Shvetketu said, “But this question was never raised in the university. I have learned the Vedas, I have learned language, philosophy, poetry, literature, history, geography. I have learned all that was available in the university, but this was not a subject at all. You are asking a very strange question; nobody ever asked me in the university. It was not on the syllabus, it was not in my course.”

Uddalak said, “You do one thing: be on a fast for two weeks, then I will ask you something.”

He wanted to show his knowledge, just a young man’s desire. He must have dreamed that his father would be very happy. Although the father was saying, “Wait for two weeks and fast,” he started talking about the ultimate, the absolute, the Brahman.

The father said, “You wait two weeks, then we will discuss about Brahman.”

artwork Isabelle V. Lim

Isabelle V. Lim

Two days’ fast, three days’ fast, four days’ fast, and the father started asking him, “What is Brahman?” In the beginning he answered a little bit, recited what he had crammed, displayed. But by the end of the week he was so tired, so exhausted, so hungry, that when the father asked, “What is Brahman?” he said, “Stop all this nonsense! I am hungry, I think only of food and you are asking me what Brahman is. Right now, except food nothing is Brahman.”

The father said, “So your whole knowledge is just because you were not starved. Because you were taken care of, your body was nourished, it was easy for you to talk about great philosophy. Now is the real question. Now bring your knowledge!”

Shvetketu said, “I have forgotten all. Only one thing haunts me: hunger, hunger – day in, day out. I cannot sleep, I cannot rest. There is fire in my belly, I am burning, and I don’t know anything at all. I have forgotten all that I have learned.”

The father said, “My son, food is the first step towards Brahman. Food is Brahman — ANNAM BRAHMA.” A tremendously significant statement. India has forgotten it completely. ANNAM BRAHMA: food is God, the first God.


The Real Deal For Mrs. Phyllis Krystal


I am not the deha (body); I am the Dehi (Indweller).

The body is made up of five elements and is bound to perish sooner or later,
but the Indweller has neither birth nor death.
The Indweller has no attachment whatsoever and is the eternal witness.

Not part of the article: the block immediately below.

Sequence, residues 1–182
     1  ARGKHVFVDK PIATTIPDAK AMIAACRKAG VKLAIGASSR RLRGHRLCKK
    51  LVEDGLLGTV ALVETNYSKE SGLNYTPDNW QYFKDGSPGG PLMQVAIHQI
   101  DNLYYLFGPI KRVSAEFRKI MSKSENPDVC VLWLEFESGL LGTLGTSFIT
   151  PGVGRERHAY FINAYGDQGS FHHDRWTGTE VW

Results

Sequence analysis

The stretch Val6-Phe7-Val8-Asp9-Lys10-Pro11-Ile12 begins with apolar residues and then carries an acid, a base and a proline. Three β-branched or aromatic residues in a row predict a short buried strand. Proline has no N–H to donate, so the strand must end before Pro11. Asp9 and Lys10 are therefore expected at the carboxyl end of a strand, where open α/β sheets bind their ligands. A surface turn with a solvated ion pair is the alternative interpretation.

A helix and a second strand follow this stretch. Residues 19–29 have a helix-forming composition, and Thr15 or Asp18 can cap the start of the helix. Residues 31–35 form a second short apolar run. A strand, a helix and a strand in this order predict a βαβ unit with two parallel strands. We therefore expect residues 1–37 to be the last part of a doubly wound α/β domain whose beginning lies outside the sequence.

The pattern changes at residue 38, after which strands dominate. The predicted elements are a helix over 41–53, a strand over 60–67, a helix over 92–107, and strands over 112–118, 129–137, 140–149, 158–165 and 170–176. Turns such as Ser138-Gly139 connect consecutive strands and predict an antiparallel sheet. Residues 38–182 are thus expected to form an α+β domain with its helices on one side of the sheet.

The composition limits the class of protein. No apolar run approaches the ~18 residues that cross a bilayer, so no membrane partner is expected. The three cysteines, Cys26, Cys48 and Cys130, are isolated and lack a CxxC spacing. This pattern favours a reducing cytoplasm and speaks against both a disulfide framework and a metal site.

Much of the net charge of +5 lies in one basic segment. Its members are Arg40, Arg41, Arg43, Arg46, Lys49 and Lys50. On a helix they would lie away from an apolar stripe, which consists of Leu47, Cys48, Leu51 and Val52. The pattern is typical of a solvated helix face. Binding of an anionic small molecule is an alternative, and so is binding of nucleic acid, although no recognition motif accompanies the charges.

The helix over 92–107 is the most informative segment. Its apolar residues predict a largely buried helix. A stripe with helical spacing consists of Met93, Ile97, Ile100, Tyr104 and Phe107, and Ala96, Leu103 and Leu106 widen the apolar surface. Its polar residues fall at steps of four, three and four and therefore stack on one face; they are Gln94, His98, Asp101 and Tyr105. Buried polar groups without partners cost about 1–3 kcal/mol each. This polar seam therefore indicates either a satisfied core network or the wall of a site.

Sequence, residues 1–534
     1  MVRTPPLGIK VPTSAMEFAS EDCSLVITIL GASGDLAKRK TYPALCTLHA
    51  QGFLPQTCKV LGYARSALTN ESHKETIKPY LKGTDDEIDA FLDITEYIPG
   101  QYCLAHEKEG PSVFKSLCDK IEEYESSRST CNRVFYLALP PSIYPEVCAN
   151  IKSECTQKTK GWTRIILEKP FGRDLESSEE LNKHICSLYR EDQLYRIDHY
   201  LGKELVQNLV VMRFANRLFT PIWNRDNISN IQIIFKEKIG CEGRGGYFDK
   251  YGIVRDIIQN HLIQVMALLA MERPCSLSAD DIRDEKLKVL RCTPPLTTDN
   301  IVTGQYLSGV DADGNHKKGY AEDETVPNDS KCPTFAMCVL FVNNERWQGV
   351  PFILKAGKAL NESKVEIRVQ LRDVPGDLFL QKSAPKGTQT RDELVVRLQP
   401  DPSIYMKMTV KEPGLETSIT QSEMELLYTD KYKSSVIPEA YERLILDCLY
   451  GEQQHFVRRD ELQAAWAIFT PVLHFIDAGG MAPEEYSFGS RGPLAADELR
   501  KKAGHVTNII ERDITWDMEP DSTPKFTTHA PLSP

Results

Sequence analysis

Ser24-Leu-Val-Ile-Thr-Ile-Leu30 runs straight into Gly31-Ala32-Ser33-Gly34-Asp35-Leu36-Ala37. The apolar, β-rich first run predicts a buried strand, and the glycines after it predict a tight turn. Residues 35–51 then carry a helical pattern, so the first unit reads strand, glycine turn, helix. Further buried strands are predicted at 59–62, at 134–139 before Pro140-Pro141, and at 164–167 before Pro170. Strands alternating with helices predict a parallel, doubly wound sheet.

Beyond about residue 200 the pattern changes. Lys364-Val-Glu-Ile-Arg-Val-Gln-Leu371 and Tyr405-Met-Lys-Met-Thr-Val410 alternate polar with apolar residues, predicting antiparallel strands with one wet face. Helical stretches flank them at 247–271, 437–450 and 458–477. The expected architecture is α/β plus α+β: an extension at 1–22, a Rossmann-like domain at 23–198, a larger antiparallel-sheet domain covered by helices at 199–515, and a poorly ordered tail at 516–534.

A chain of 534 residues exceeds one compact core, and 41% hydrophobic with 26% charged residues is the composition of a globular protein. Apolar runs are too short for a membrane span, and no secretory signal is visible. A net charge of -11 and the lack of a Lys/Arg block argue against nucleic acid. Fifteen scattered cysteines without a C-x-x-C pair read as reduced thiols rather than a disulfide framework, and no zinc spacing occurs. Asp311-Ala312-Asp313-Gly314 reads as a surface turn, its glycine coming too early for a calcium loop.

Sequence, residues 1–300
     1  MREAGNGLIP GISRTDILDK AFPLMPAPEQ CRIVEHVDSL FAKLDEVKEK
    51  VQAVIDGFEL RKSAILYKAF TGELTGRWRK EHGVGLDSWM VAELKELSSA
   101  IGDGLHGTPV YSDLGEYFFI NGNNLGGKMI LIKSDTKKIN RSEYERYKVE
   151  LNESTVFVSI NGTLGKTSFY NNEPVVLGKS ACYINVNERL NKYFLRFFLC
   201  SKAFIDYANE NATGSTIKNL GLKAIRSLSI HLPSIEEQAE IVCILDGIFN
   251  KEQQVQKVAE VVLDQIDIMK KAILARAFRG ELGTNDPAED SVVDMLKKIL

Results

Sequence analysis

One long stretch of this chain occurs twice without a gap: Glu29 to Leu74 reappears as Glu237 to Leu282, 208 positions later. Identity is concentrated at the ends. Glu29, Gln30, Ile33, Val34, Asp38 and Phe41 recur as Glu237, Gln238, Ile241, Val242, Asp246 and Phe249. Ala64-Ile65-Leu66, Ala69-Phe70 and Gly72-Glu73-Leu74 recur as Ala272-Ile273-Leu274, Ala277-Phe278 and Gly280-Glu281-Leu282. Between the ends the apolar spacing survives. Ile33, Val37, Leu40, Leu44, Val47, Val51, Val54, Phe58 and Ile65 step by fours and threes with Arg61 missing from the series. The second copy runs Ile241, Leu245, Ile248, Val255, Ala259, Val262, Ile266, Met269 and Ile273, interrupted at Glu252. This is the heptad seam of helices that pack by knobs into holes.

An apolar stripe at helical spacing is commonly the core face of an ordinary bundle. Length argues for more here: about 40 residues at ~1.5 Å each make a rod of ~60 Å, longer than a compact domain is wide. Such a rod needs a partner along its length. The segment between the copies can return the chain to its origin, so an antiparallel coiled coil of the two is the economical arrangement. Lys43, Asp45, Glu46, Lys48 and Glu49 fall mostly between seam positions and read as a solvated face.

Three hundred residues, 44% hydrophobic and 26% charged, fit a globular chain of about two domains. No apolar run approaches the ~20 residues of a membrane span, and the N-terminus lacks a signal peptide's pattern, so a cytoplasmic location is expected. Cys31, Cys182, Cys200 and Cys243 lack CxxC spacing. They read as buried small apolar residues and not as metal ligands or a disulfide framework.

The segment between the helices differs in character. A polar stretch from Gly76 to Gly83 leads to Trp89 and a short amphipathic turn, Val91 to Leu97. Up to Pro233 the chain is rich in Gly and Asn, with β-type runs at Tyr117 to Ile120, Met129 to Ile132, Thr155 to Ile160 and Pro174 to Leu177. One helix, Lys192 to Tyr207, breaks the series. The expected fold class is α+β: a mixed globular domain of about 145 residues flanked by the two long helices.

Truly speaking, the Indweller, who is in the form of the Atma,
is verily God Himself.
(Telugu Poem) – Sathya Sai Baba

The Ashram Becomes the Body of The Guru – After His Demise


An ancient axiom holds that when the disciple is ready, the guru will appear. Much less is said about what happens when the guru disappears or dies – and, for this, disciples are rarely ready. It’s often a more traumatic event than the death of a family member because the relationships with parents, lovers, and friends are of a different nature. While close relationships can involve deep and lasting love, the love of a guru becomes the lens through which the disciple understands the ‘self’, the ‘other’ and the world.

The guru not only shows the way but is the way. “I am the way, the truth, and the life”, is how Jesus’ disciples remembered him. Or  the words Sai Baba used: “I am in your heart – find me there.”

Abhishiktananda, a modern Roman Catholic monk initiated into Indian Advaita by his guru, Gnanananda, writes that “Guru and disciple form a dyad – a pair – whose two components call for each other and belong together. As two poles of a magnet, they can only exist by being related to each other. On the way toward unity, they are a dyad. In ultimate reality, they are non-dual.”

So what happens when the guru dies or goes away? How do disciples cope with the absence of the one living and loving presence that has opened the door to their own heart?

The sudden absence of the guru’s body initially catapults the disciple community into the unknown.This withdrawal presents a crisis.Yet this crisis does have a resolution. From sacred space to fluid reality, the body of the guru eventually becomes the body of the Ashram itself.

The Ashram, that external expression of the guru, is charged with both vibration and memories of all that took place during the guru’s lifetime. Here we can draw on our memories and reflect on all that took place while in the guru’s presence. While in the ashram, we are reminded, and also in those others gathered there, of the pain of loss. It’s a shared experience of grief, that only time can heal.

The atmosphere of the ashram is charged with spiritual vibrations created by the system, discipline, good thoughts and spirituality of many who live in or visited it. When we go to the ashram, we find those positive, spiritual energies flowing, and yet the mind cannot comprehend and the senses cannot see or smell, but only the inner being understands. In order to maintain the purity of those vibrations, it’s important the ashram is kept and respected as the living field of the Guru and his teachings. I would like to end on this note. Rumi, The supreme poet of love once said, “Lovers do not suddenly meet somewhere, but they are in each other, all along.” The same is true of the spiritual teacher or guru and the disciple.



This short note is from the website of Mrs. Phyllis Krystal. I don’t think I need add anything to this. It speaks for itself.

I, Phyllis Krystal declare from this day forward to have nothing to do with Madhusudan from Mudhanahalli. My difficult life situation, and weakened physical condition, unfortunately let me drift from my inner contact with Baba, my own HiC. I started to rely on this outer source.

I wish to return wholeheartedly to what Swami taught us over and over again, to seek Him in our heart instead of somewhere outside. Which, also corresponds with the Method that was given to me so many years ago.

I therefore want to cancel the planned visit of Madhusudan and his group this weekend, including any further future visits.

 Guildford, August 29th 2015